3. Organize within your bags - i.e. ORDER PACKING CUBES NOW.
     I am a Packing Cube evangelist, and I'm proud of it. Ever since I ordered these incredible tools five years ago, I've been spreading the word that they're absolute necessities when it comes to living out of a suitcase for any length of time, whether it's for a weekend or a month.
     Sometimes I pack individual outfits in each cube, sometimes a category of clothing (like shirts or dresses) into a cube, sometimes everything I'll need for the gym goes in one and everything for the pool (flip flips, bathing suit, sarong, sunscreen) goes in another. When I pack my mom and my little brother for one of their trips I use different colors to delineate whose clothes are whose so that they can share bags. You can sort them however it makes sense to you.
     Currently in my suitcase I have one for the gym, one for the pool, one for cold weather accessories, one for dresses, one for undergarments, one for tops, one for pants/skirts, and two shoe bags. When Crew Scheduling calls and tells me where I'm going, I might swap a bag or two out. For example, if they tell me I'm going to London I'll take out the pool and gym stuff and sub in extra socks and a blazer because I know I'll be walking all over a city instead of hitting the elliptical.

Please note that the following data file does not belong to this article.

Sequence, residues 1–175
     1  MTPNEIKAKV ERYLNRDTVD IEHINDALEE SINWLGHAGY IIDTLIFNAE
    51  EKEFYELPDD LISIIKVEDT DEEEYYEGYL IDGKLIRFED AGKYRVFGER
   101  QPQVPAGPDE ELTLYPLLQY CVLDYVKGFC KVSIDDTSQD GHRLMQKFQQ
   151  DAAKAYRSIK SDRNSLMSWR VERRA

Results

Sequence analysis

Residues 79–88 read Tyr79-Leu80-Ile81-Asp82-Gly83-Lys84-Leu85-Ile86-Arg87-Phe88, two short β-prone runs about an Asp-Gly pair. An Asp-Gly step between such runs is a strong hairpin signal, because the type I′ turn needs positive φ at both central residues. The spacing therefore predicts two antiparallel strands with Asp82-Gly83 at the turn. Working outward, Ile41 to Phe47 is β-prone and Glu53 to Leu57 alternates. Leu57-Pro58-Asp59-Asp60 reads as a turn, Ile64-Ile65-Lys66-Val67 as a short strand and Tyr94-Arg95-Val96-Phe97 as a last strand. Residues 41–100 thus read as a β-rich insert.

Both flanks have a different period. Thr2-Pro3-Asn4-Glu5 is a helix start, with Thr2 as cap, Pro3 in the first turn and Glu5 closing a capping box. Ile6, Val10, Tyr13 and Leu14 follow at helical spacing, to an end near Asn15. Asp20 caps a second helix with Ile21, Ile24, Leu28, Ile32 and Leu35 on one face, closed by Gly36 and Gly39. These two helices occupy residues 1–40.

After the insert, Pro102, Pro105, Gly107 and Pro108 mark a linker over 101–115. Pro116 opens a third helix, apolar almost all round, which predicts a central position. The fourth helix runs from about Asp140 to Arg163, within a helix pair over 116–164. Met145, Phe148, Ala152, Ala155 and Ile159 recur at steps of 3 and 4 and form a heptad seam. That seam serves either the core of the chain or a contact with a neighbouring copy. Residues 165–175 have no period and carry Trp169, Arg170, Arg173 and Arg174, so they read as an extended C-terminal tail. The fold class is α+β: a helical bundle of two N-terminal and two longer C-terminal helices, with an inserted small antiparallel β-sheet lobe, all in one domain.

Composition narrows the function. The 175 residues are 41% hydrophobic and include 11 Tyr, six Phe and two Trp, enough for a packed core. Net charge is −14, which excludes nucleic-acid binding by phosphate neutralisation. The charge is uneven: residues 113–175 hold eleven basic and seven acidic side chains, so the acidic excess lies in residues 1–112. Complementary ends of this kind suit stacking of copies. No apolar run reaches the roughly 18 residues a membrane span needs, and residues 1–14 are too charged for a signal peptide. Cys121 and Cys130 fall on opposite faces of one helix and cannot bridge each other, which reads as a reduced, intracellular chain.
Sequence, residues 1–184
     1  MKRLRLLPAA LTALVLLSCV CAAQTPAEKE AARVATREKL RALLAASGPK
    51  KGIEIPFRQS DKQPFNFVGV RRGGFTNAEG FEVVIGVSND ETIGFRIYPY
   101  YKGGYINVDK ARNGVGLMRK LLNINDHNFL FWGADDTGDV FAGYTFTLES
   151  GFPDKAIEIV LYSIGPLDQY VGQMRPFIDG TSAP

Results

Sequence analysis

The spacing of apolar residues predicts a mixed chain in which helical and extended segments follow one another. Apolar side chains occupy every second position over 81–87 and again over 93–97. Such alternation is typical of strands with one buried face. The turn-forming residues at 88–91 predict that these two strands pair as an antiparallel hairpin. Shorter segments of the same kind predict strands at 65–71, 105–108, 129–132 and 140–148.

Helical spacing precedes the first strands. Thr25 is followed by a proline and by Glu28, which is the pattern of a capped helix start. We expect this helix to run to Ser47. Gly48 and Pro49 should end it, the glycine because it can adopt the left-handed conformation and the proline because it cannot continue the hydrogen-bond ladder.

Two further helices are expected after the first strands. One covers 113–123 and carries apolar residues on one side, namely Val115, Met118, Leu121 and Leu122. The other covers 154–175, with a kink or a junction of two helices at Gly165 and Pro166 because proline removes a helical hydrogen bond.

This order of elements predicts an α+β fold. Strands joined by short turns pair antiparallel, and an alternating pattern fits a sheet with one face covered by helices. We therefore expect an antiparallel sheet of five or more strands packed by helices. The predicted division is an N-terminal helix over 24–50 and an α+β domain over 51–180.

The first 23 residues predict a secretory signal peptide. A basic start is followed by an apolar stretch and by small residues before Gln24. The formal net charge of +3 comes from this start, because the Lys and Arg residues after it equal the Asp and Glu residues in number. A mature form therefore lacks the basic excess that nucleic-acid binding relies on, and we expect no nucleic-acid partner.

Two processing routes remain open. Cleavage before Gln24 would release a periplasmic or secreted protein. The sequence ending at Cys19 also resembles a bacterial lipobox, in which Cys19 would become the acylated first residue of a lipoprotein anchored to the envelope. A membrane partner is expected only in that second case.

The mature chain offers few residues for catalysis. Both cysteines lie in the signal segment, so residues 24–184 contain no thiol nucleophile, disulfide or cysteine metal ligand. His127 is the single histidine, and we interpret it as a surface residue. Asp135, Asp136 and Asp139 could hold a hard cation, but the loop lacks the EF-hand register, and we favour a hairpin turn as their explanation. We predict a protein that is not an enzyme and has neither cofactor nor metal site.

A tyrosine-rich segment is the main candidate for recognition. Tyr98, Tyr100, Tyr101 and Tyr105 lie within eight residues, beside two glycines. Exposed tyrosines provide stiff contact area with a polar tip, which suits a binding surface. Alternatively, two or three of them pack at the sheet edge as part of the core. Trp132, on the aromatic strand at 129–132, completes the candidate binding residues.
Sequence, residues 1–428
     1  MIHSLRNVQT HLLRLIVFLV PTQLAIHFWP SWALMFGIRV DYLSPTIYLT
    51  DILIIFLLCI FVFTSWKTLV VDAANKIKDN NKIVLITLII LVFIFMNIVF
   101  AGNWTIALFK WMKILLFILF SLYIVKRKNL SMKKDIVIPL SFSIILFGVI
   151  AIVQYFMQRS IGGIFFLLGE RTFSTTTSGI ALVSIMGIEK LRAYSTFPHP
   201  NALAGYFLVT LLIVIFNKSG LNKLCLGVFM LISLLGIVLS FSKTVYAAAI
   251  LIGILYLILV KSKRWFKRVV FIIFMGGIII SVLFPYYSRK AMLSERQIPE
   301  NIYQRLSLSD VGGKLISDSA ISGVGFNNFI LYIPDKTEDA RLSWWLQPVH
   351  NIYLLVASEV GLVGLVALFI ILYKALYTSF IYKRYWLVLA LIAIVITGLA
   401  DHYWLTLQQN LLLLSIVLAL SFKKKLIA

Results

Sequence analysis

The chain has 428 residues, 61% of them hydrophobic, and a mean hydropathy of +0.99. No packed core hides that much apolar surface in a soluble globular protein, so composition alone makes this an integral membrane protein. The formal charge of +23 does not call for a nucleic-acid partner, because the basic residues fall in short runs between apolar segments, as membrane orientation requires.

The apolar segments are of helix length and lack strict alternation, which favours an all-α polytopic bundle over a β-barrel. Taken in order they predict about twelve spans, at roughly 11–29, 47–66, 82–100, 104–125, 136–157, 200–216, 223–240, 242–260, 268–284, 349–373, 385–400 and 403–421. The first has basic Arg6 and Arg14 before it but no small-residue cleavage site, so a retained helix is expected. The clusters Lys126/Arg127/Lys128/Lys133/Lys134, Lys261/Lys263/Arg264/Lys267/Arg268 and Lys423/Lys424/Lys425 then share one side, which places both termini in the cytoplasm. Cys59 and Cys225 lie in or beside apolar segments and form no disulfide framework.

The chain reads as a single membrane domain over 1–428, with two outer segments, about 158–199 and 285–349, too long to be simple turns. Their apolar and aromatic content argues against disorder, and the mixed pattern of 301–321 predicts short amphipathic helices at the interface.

In particular, I recommend the slim cubes, the small cubes, the shoe sleeves, and the Pack It Flat Toiletries Kit.

Flight Attendant Makeup

When I’m on the plane, I’m always slightly confused about how to reply when my coworkers or passengers tell me my skin looks great… Do I tell them it’s makeup? Tell them it’s because I drink a lot of water? Most of the time I just smile and say thank you. As a Vermonter, I’m more likely to be self deprecating than I am to be graciously thankful, but I’m working on it.
The only reason I have any idea what to put on face is entirely because I was Miss Vermont a few years ago. Between YouTube videos, working with a variety of makeup artists, and experimenting with products (I have WAY too many VIB points at Sephora) I’ve developed a pretty decent makeup system, if I do say so myself. The airline doesn’t necessarily require Flight Attendants to wear a full face of makeup every day. Specifically, they ask that we wear mascara and maybe a little blush, because the goal is natural and professional looking makeup. 
Here are my Top Ten products that I use on a daily basis to achieve my FA makeup look: 

Why I Became a Flight Attendant

When I was ten years old, I realized that my calling was to become an elected official so that I could help people. Ever since, I’ve done everything I can to work towards that goal- Student Government, studying Political Science and History, participating in training programs for aspiring female politicians, interning for elected officials, working on campaigns, and even running for the Vermont State Senate at 22.